Dental pulp stem cells for the study of neurogenetic disorders

A. Kaitlyn Victor, Lawrence Reiter

Research output: Contribution to journalReview article

6 Citations (Scopus)

Abstract

Dental pulp stem cells (DPSC) are a relatively new alternative stem cell source for the study of neurogenetic disorders. DPSC can be obtained non-invasively and collected from long-distances remaining viable during transportation. These highly proliferative cells express stem cell markers and retain the ability to differentiate down multiple cell lineages including chondrocytes, adipocytes, osteoblasts, and multiple neuronal cell types. The neural crest origin of DPSC makes them a useful source of primary cells for modeling neurological disorders at the molecular level. In this brief review, we will discuss recent developments in DPSC research that highlight the molecular etiology of DPSC derived neurons and how they may contribute to our understanding of neurogenetic disorders.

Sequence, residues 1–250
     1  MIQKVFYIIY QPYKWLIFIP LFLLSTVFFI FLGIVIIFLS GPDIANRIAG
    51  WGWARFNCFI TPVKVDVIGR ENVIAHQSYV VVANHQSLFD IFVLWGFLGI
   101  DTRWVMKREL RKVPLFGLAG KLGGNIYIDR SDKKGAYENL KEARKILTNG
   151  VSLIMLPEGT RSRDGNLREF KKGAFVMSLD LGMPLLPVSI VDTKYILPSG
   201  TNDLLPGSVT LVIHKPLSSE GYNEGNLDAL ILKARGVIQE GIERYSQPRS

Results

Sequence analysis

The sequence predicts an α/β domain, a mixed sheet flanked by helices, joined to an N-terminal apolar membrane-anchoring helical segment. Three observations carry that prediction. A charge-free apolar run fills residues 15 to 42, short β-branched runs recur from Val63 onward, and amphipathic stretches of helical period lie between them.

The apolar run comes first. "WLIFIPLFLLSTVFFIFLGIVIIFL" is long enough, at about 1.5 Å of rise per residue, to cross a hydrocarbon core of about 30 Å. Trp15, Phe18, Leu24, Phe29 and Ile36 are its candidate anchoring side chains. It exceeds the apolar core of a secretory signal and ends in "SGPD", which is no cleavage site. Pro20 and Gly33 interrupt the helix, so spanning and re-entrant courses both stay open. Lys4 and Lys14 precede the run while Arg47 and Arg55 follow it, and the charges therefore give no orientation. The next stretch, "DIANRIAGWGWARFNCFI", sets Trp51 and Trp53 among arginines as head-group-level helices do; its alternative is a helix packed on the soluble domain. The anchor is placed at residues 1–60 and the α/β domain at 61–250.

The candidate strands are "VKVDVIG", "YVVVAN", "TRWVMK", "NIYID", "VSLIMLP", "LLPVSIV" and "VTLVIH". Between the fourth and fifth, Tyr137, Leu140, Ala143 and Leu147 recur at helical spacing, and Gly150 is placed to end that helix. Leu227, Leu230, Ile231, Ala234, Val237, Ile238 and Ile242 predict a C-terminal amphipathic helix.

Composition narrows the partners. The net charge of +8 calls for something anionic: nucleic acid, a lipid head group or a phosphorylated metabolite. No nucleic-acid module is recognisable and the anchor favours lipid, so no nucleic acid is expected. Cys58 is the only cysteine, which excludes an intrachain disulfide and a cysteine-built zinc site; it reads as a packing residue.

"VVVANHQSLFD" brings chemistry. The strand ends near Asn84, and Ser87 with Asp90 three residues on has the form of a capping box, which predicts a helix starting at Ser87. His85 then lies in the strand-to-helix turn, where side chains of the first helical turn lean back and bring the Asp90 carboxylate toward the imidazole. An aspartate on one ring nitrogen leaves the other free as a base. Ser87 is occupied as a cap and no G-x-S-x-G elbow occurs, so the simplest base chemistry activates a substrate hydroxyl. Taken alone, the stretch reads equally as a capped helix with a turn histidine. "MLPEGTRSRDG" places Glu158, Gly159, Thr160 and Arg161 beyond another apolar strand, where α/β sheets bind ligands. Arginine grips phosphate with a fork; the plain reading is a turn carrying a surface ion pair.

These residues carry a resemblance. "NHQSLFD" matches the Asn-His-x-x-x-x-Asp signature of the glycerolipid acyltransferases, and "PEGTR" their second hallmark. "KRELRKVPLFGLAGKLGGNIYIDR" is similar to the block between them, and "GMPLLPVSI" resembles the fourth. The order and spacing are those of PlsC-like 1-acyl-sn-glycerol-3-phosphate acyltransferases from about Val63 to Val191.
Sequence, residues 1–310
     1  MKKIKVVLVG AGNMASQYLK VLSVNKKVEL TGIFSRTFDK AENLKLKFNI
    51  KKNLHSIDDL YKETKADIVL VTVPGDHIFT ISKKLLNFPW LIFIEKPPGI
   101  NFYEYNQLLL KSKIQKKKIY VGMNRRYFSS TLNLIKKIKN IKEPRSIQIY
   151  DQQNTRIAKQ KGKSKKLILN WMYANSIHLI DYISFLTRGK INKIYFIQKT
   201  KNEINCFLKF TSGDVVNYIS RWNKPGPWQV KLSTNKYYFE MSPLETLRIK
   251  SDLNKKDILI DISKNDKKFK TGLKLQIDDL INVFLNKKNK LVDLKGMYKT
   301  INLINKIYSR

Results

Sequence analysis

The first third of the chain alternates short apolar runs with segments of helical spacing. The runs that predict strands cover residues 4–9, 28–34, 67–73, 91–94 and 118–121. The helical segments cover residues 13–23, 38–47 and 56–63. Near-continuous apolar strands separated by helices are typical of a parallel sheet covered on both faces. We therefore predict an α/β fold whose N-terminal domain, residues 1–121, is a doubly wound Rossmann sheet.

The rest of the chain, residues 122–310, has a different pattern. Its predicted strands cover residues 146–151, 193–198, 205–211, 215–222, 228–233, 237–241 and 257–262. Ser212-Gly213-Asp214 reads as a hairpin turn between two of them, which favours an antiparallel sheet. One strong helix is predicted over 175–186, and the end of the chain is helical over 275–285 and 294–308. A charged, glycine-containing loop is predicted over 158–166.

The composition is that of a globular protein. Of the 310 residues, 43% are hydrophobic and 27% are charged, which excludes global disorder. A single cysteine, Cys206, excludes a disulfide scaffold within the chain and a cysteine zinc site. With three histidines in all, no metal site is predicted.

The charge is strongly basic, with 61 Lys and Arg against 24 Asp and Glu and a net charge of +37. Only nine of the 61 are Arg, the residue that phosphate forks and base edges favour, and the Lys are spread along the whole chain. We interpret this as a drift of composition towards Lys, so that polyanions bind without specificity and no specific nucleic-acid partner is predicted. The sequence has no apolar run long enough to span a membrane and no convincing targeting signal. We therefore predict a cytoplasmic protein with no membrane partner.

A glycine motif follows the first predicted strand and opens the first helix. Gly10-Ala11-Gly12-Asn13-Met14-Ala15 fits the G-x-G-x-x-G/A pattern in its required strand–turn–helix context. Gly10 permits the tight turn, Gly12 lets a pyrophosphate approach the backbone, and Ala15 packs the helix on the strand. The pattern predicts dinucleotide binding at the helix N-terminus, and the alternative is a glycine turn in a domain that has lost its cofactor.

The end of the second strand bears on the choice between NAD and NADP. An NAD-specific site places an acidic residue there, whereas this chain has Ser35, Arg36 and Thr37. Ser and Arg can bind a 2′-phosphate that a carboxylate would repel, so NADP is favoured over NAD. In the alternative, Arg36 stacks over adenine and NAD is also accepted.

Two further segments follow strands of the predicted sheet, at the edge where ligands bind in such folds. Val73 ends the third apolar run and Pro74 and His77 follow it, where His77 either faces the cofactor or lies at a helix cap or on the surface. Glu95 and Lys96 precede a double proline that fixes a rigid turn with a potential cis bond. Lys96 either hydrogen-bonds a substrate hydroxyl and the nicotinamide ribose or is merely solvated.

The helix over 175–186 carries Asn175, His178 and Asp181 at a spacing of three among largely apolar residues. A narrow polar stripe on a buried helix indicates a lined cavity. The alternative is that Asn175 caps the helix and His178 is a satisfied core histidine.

Original languageEnglish (US)
Pages (from-to)R166-R171
JournalHuman molecular genetics
Volume26
Issue numberR2
DOIs
StatePublished - Oct 1 2017

Fingerprint

Dental Pulp
Stem Cells
Stem Cell Research
Neural Crest
Cell Lineage
Chondrocytes
Nervous System Diseases
Osteoblasts
Adipocytes
Neurons

All Science Journal Classification (ASJC) codes

  • Molecular Biology
  • Genetics
  • Genetics(clinical)

Cite this

Dental pulp stem cells for the study of neurogenetic disorders. / Victor, A. Kaitlyn; Reiter, Lawrence.

In: Human molecular genetics, Vol. 26, No. R2, 01.10.2017, p. R166-R171.

Research output: Contribution to journalReview article

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